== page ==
In fact Microsoft is going even further than this by also refusing to support Windows 7 and Windows 8 on Intel’s current generation ‘Skylake’ processors, with the exception of a “list of specific new Skylake devices”. This list includes the Dell Latitude 12 and XPS 13; HP EliteBook Folio and G3 and Lenovo ThinkPad T460s and X1 Carbon. Even then support on those devices will only last 18 months ending on 17 July, 2017.
Yes, you read this right: Microsoft is breaking from 31 years of Windows history by refusing to honor its promised Windows lifecycles unless users stick to old hardware. Upgrade your existing Windows 7 or Windows 8 computer to these chipsets or buy new hardware and install Windows 7 or Windows 8 on it and the official Windows Lifecycle Dates don’t mean a thing.
All of which begs the question…
Why Is Microsoft Doing This?
In its blog post Microsoft makes the argument that it all comes down to the effort required to keep Windows 7 (released in October 2009) running well on the latest hardware:
Of course the counterpoint to that is Windows 7 already runs smoothly on older hardware, so it doesn’t need any optimisation to run well on far more powerful chipsets. Meanwhile Microsoft skips any explanation for its decision to treat Windows 8 in the same way as Windows 7. Notable considering Windows 8 is just three years and three months old and shares much of its core with Windows 10.
Who Is Affected By This?
Perhaps surprisingly Microsoft is initially going after businesses with these changes first. In justifying this the blog post states:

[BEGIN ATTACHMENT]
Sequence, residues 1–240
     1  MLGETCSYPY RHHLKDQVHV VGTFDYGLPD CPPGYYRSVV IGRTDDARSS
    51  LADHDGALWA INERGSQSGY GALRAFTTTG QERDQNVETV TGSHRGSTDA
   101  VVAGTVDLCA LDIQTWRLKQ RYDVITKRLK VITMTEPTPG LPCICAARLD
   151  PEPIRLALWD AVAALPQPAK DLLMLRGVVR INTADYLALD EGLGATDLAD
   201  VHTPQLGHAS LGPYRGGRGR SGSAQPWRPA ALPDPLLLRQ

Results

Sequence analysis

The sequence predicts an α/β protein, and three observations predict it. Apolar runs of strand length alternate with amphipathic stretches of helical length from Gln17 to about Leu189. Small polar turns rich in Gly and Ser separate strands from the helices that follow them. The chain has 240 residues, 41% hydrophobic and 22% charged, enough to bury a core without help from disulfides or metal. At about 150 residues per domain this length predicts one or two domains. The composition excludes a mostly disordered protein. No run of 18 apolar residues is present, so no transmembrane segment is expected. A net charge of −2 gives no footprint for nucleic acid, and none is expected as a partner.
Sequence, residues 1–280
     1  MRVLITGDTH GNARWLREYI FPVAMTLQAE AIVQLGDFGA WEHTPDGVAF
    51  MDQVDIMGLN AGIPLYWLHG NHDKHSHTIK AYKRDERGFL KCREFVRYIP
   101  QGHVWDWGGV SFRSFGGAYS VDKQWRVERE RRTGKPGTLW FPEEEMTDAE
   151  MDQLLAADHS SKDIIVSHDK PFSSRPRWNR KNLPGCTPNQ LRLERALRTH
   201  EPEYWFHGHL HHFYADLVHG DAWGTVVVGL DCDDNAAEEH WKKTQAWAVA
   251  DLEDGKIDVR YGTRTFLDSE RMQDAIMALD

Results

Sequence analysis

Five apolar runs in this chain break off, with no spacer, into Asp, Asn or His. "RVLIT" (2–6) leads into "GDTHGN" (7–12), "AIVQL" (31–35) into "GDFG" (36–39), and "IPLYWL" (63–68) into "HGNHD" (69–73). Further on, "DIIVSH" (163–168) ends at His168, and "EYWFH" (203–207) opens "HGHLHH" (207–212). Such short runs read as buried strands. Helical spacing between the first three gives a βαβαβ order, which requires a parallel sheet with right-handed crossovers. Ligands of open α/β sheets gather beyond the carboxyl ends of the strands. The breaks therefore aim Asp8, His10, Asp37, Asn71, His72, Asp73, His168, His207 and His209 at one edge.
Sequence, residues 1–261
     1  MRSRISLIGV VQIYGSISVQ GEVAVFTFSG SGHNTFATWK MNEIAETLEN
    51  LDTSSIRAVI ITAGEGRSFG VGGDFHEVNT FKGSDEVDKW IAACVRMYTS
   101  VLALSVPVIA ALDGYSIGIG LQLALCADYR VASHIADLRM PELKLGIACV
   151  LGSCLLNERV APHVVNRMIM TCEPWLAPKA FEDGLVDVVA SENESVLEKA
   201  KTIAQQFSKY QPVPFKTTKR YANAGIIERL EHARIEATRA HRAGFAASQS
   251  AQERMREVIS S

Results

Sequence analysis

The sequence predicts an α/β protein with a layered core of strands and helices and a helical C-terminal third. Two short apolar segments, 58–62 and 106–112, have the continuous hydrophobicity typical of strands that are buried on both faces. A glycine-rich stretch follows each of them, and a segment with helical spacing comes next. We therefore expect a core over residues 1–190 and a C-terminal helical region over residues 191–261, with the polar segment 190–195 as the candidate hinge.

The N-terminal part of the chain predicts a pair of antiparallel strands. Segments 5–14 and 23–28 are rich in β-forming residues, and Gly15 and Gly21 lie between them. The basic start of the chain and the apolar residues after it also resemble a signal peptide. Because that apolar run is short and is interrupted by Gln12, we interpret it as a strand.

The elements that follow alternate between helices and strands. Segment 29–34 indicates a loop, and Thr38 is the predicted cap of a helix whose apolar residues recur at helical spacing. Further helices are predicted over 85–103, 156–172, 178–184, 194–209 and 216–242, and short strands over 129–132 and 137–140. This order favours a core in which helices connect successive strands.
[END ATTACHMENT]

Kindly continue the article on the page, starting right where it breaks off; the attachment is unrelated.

“In clarifying this policy, we are prioritizing transparency with enterprises on where to find the highest reliability and best supported Windows experience: Windows 10 on any silicon, Windows 7 on the down-level silicon it was designed for, or a device on the support list.”
Again it is unclear why Windows 8 is left out of this statement and the blog post concludes in a truly disingenuous manner: “Always, what guides us is a customer-first approach – in this case, providing clear guidance to our customers on what they can expect and strong alignment with our OEM partners on our joint commitment to all of our Windows customers.”
In short: a customer first approach of explaining why the support and flexibility millions receive with Windows 7 and Windows 8 will now become significantly worse than they had been led to believe. Understandably it has been met with scorn.
So should consumers be worried? I’d say yes. Whereas Microsoft has previously admitted to using Windows 10 consumers as guinea pigs for business when it comes to security, here businesses are guinea pigs for consumers with regards to upgrade pressure. It’s a strange tactic given businesses are usually tougher to push upgrades on than consumers, but there seems little reason the tactic won’t be expanded to consumers should it prove successful.
As such we find ourselves in a familiar situation. Those with the technical willpower to move to Linux and replace their essential programs will promote this route and those with the financial means to move to Apple and replace their essential programs will promote that route. But for everyone else Microsoft has a captive audience and it is becoming clear that a future on Windows means Windows 10…